The Estate of Philip Seymour Hoffman



The Estate of Philip Seymour Hoffman

Philip Seymour Hoffman was a talented actor who left an impressive body of work when he died in February 2014 at the age of 46.  His cause of death was an accidental drug overdose.  He left an estate of approximately 35 million dollars.  As we have seen in a number of our previous blog posts, though, having substantial financial holdings is no insulation from poor estate planning.  And Philip Seymour Hoffman is yet another example where it would have made a tremendous difference to his loved ones if he had done things a little differently.

Hoffman never married.  But he did have a longstanding relationship with his companion Marianne O’Donnell.  Hoffman and O’Donnell had three children together: son Cooper, and then daughters Tallulah and Willa.  There are reports that Hoffman’s advisors recommended he put aside some money for his three children.  But he rejected that advice since he did not want his children to become “trust fund babies.”   So instead he left all of his assets to his longtime companion Marianne O’Donnell.  If she happened to have predeceased him then all would be left to son Cooper.

Reports indicate he treated O’Donnell as his spouse and he thought of her in that regard.  But he personally rejected the institution of marriage as a legal matter.  We have no opinions on the merits of Hoffman’s views on marriage.  But we are adamant in our observation that Hoffman’s views did result in a devastating tax liability for his estate.  The estate tax laws allow for a complete tax exemption for all amounts passing to a surviving spouse.  Not so for amounts left to an unmarried companion, no matter how much love and affection the decedent felt for the companion or how long they maintained their relationship.  So instead of a complete exemption for amounts Hoffman left to O’Donnell, his estate instead paid about $15 million in taxes or some 43% of Hoffman’s wealth.

A second problem is that Hoffman failed to update his estate planning documents in a timely manner.  The Will that he left was executed in 2004.  That only mentions his firstborn Cooper.  Tallulah and Willa are not mentioned at all since they were not yet born at the time the Will was prepared. At age 46 it is clear that Hoffman did not plan to die from an accidental drug overdose.  But he had a good 10 years to update his Will to include Tallulah and Willa.  He never did so.  When drafting a Will it is prudent to reference the possibility for children born in the future and to provide for them.  But we were not able to confirm whether or not Hoffman’s Will included such a provision.  Tallulah and Willa would then have to file claims in court under the relevant state law to seek any share of the estate to which they may be entitled.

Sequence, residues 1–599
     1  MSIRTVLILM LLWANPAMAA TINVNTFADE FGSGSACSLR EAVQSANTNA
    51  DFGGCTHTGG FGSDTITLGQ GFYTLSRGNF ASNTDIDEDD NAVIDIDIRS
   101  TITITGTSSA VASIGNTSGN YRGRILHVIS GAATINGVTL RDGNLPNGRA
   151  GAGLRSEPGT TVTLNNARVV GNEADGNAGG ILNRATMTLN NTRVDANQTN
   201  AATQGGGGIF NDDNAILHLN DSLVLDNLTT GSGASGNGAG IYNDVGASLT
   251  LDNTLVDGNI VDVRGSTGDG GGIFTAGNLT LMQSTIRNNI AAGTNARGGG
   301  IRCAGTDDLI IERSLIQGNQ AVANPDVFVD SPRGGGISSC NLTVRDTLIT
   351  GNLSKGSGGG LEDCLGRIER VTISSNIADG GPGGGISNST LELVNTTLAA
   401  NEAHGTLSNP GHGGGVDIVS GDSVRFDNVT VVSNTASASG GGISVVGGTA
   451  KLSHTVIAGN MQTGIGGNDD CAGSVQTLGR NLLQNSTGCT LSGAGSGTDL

Hoffman apparently had some clear aspirations for his children.  His Will recited his intention that Cooper be raised in Manhattan, Chicago, or San Francisco, but at a minimum for his son to visit the named cities twice per year.  Hoffman professed a love for the culture that those cities offer and he hoped that his son Cooper would learn to appreciate that culture as well.  Unfortunately, he never created a trust for Cooper’s benefit and Hoffman’s aspirations were simply mentioned in his Will.  As we explained above, since Cooper’s mother survived Hoffman she received all of Hoffman’s assets, outright.  Cooper actually received nothing.  If Hoffman had created and funded a trust for Cooper’s benefit, he could have incorporated his aspiration for Cooper into the trust agreement.  Then his Trustee, be it Cooper’s mother or another third party, would have been obligated to take those aspirations into account when administering the trust assets for Cooper’s benefit.  But Hoffman did not do that.  So O’Donnell was left with no obligation to ever leave anything to Cooper or to adhere to any of Hoffman’s aspirations for Cooper’s travel and residence.

If Cooper’s mother had predeceased Hoffman, Cooper would have inherited all of Hoffman’s remaining assets.  But Cooper would not receive all of those assets all at once.  Rather he would have received half at age 25 and then the rest at age 30.  While we support the proposition that it is unwise to distribute too much to children when they are young, we think distributions at fixed ages is too inflexible of an arrangement.  Cooper was born in 2003 which means he was only a one-year-old when Hoffman executed his Will.  Nobody at that point could possibly tell what sort of person Cooper would grow up to be.  He may have turned out to be studious and hardworking or a lazy underachiever.  He may have become fiscally conservative or a wasteful spendthrift.  He could also have developed substance abuse problems.  And more to the point, people change over time.  He could have been in a difficult place in his life at age 25 but then taken steps to turn things around at age 32.  Yet Hoffman’s plan left no discretion over whether or not Cooper would receive a sizable sum at age 25 and then again at age 30.

Proper and thorough estate planning takes into account all of these variables, and should produce a plan with as much flexibility as possible to respond to changes that occur in life.  No plan can possibly predict each and every variable, however, and that is why it is prudent to periodically review your current estate plan to ensure that it still meets your needs.

If you have any questions about the issues presented above or care to discuss any other planning issues, please call us at 860-769-6938, visit our website at

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